When pools and plumbing leak, the signs of water loss come in a variety of ways. It’s natural to think that when you see a puddle of water it would be a sign of a leak right there. Don’t chase water, it leads to a big mess and an otherwise bad day.

Kevin Mayweather was losing water and he was convinced it was leaking out the side of his pool, or from the trunk line. After misinterpreting hours of blog posts and random websites, Kevin was absolutely sure he knew what was leaking, and where. He had a short patio that wrapped around the back of the pool shell and just at the edge of the deck, water was puddling along the edge of the concrete. He was convinced that’s where the leak was.

Puddles Don't Mean Leaks

After a proper leak detection was performed, he was in fact losing water. In the skimmer at the other side of the pool! It was nowhere near where he saw the puddle. Listening throughout the entire pool, using LeakTronics Push Mic in the trunk line and performing static pipe tests – there were no signs of a leak occurring anywhere at the back end of the pool where the saw the puddling.

Perplexed, he started digging. After a long and messy afternoon, Kevin discovered that the neighbors irrigation line, which ran closely along the fence between their properties, had a separation in the pipe … almost five feet away from where he saw the water! It had nothing to do with his property or his pool, it just happened to puddle up at the edge of his patio.

We want to say this again, don’t chase water!

Water takes its own path. It might come from a leak at an elbow, but then it comes to the surface ten feet away after running along the pipe and settling in the middle of the yard. You just don’t know where the source of a leak is until you perform a proper leak detection.

At LeakTronics, gear is designed to demystify those inaccurate assumptions that tell people a puddle means there is a leak. A puddle can form overnight when irrigation sprinklers run. Some hardened dirt can cause a puddle to sit for long periods of time after splash-out happens in a pool. Like in Kevin’s case, water can seep under the surface, through landscaping where it travels for many feet before puddling in an area you see – you just don’t know where it starts … without a proper leak detection.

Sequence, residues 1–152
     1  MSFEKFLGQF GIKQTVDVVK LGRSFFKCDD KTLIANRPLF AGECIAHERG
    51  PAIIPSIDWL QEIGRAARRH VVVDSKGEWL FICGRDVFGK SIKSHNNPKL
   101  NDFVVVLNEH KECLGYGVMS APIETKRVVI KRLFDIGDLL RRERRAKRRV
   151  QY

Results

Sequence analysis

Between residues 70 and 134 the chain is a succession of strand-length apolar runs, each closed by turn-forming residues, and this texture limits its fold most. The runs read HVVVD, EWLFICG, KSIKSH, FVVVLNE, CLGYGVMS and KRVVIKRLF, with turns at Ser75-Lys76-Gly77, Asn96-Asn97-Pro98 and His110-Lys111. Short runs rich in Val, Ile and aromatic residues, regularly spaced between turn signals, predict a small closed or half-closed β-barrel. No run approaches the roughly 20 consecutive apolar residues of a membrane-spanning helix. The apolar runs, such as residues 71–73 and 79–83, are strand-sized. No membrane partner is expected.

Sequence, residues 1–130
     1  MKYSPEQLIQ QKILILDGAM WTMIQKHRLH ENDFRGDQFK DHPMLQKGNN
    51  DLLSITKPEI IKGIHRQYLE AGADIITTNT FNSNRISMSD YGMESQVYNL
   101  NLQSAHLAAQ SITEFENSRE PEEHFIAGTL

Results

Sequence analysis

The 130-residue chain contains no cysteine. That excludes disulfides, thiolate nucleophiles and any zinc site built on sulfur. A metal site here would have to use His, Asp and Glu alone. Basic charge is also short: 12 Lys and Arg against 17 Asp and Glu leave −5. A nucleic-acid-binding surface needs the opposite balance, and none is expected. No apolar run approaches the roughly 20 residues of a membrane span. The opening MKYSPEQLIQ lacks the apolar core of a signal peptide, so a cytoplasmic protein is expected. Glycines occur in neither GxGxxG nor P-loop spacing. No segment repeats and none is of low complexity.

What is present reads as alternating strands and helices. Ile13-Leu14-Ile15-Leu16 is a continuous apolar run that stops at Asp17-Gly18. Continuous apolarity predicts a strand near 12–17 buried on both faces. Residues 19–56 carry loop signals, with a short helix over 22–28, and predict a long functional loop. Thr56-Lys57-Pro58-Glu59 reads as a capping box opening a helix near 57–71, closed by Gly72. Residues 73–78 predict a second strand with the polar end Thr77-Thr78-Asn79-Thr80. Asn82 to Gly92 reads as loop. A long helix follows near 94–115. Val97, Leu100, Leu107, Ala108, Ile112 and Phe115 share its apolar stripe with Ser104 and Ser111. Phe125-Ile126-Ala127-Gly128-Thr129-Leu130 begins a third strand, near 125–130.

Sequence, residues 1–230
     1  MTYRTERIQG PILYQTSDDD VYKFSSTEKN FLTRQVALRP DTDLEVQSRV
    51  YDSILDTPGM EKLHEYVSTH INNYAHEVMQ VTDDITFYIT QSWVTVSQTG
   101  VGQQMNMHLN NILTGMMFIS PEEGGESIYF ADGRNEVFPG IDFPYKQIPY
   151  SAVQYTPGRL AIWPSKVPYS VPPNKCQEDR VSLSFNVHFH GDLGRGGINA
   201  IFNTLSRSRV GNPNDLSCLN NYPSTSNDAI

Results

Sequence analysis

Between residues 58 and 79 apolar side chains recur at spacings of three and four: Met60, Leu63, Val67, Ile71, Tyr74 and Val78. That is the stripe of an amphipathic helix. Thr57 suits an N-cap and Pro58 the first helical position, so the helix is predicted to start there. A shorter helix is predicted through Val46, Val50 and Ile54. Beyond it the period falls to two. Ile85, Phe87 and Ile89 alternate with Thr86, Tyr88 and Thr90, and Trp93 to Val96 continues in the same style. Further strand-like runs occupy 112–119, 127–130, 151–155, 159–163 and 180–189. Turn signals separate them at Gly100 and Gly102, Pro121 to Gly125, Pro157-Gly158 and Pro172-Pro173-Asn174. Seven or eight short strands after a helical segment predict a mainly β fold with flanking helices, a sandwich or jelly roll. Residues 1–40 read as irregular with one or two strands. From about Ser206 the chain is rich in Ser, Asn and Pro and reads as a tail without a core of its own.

Some time ago we shared a video about an Irrigation Leak Detection we performed. What began with the homeowner seeing puddling at the edge of the driveway turned out to be a pipe leaking under the middle of the driveway. The homeowner was ready to start digging up the lawn and instead, re-routed the pipe to avoid breaking concrete, once the actual leak was found.

Again, this explains how water seeks its own level and surfaces in places that might not be anywhere near the leak. With proper leak detection methods and sensitive listening equipment, precise and accurate leak detection is easy. Don’t chase water, find the source of the leak.

One more to see. This meter box at the street was filled with water when we opened it during a residential plumbing inspection. The leak was actually all the way up the driveway, two feet from where the shut-off valve was. Due to the slope of the driveway, the water ran back down the pipe and filled the meter box.

Water Filled Meter Box - Puddles Aren't Always leaks - Buried Pipe leak

As with any leak detection, take all factors into consideration. Yes, you might see puddles, but that doesn’t mean that’s where the leak is. Start at the source and work your way through the system. If it’s a pool or spa, start inside the shell with your PoolScope and use the instructed methods LeakTronics teaches in their online training course. If it’s a plumbing leak detection, start at the meter where the water enters the property.

By simply walking through the right steps to listen to entire pool or property, wherever a leak happens, you’ll find it. You’ll also find, most of the time, it’s not near the puddling your customer saw that made them call you for a leak detection.

Learn more about online swimming pool and plumbing leak detection training packages, including equipment, at the links below.